- The goal is to reach the basket with the fewest throws, just like in regular golf.
- Players will play each hole along the course and then total their scores.
How To Throw a Disc Golf Disc
If you know how to throw a Frisbee, you’re in luck! Throwing a disc is just like throwing a Frisbee. Once you learn to throw, you’ll be ready to play your own game of disc golf. Here are the basic throwing steps:
- Hold the disc in your dominant hand, i.e., the hand you use to write, brush your teeth, etc.
- Place your thumb on top of the disc, with your other four fingers curled underneath along the rim.
- Position your body so that your throwing arm is facing the disc golf target. (If you extend your arm, it should point directly at the target.)
- Now bend your knees a little bit and put about 70% of your weight onto your back leg. (Your back leg gives you most of your power when throwing the disc.)
- While keeping your disc horizontal, pull back your arm and hand. You’ll now be looking away from your target, so hopefully, you lined up your body well.
- Rotate your upper body and pull the disc in a forward motion, shifting your weight to your front leg. Your heel should hit the ground as you do this.
- Once your arm is fully extended, and keeping your disc as level as possible, let the disc fly!
Congratulations! Now you know the most common type of disc golf throw, the backhand throw! The backhand throw is the most commonly used so it’s a great throw for beginners. You better pay attention to the wind too to make sure your disc goes towards the basket.
What are Release Angles?
When you play disc golf, the stability and ‘angle of release’ determine where your disc goes. The angle of release is the angle of the disc when it flies out of your hand. It can be hard to get a hang of this when you first start, but it gets easier, we promise! Below are the basics of release angles and how to take advantage of them:
- Hyzer: If you release your disc with the far edge facing downward, that’s called a hyzer angle. The greater the hyzer angle, the more your disc will turn to the side opposite your throwing hand.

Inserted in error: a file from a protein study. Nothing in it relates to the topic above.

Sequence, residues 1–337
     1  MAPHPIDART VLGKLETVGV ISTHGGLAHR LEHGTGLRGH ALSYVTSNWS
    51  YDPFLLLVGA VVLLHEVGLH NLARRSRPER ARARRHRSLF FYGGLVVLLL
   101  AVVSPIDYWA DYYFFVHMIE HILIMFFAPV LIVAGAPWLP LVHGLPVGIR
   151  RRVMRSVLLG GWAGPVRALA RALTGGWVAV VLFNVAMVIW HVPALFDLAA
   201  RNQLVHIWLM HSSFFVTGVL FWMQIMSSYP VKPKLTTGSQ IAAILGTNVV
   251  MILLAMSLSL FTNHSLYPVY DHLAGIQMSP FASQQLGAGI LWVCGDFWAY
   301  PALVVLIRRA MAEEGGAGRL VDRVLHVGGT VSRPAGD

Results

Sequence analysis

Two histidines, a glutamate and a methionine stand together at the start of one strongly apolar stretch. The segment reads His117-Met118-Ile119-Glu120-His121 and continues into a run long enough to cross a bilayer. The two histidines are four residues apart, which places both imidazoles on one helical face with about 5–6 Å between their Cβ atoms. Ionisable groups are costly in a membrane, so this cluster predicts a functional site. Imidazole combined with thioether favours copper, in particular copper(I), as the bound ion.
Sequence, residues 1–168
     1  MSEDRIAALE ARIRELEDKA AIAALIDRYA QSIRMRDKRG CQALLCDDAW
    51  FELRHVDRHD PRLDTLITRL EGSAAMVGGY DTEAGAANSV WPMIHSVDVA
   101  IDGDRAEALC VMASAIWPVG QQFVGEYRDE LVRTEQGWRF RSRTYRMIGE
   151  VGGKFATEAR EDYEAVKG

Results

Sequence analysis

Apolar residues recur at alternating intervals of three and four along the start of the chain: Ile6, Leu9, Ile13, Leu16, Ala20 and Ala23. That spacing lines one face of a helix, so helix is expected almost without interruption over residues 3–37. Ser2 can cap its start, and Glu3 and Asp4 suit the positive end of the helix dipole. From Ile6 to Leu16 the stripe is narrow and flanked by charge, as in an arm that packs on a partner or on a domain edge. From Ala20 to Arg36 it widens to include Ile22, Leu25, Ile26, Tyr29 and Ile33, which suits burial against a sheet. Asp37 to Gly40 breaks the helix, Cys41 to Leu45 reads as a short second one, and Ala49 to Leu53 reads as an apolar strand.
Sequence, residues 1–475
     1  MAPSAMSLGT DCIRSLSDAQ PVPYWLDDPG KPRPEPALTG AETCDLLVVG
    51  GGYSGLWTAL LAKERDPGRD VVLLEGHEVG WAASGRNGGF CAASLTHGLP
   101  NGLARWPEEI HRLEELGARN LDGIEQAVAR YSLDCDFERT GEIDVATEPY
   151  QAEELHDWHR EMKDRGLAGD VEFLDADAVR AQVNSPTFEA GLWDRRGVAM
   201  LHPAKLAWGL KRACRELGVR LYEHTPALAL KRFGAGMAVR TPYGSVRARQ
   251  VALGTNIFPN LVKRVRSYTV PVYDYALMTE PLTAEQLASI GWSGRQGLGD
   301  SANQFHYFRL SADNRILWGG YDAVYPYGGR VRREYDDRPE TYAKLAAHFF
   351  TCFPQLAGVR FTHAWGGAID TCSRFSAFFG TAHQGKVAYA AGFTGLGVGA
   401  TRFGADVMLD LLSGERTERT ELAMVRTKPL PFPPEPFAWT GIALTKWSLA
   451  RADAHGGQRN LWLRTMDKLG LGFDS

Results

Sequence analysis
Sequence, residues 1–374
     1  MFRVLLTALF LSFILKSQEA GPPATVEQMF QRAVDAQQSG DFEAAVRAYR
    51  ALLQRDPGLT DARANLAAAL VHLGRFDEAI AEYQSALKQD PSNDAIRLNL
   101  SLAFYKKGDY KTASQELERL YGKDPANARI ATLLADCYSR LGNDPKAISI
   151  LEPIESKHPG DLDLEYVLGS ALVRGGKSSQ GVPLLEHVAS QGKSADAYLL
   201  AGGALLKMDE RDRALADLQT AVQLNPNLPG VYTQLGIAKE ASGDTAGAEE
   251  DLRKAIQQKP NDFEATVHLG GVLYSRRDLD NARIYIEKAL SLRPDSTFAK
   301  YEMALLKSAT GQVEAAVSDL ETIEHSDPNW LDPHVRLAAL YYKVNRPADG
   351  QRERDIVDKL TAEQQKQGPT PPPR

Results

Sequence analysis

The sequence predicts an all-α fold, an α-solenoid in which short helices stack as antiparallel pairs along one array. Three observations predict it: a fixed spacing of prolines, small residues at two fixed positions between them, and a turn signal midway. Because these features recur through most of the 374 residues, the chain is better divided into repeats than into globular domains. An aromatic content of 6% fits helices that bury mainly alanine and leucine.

- Anhyzer: Tipping the outer edge of the disc up gives you an anhyzer angle, the opposite of a hyzer angle.
- Flat: Throwing the disc fully horizontal to the ground is a flat angle.
- Nose Up: Throwing a disc nose up is a common mistake made by beginners because your disc won’t go as far.
- Nose Down: Nose down slightly is the best angle to throw a disc if you want the most distance. (It has to do with the aerodynamics of flight, which we won’t get into today.)
Get Out There and Start Playing Disc Golf!
Now the best thing to do is get out on a disc golf course and practice like crazy! We here at iStorage hope today’s information and tips have been beneficial. If you need help with your disc golf storage we can help!
iStorage has self-storage locations across the United States with clean, safe, and secure storage units. Our units are perfect for all your storage needs: household goods, collections, cars, and more (but no flammable items please).
If you have questions, you can chat with an iStorage rep online at any time. You can also visit one of our many self-storage locations across our great country! All have on-site managers who can provide helpful insight and knowledge about self-storage. They can also help you determine the storage unit that fits your particular needs best. iStorage is your #1 location across the nation when you need self-storage! Until then, enjoy your new and exciting sport of choice, disc golf!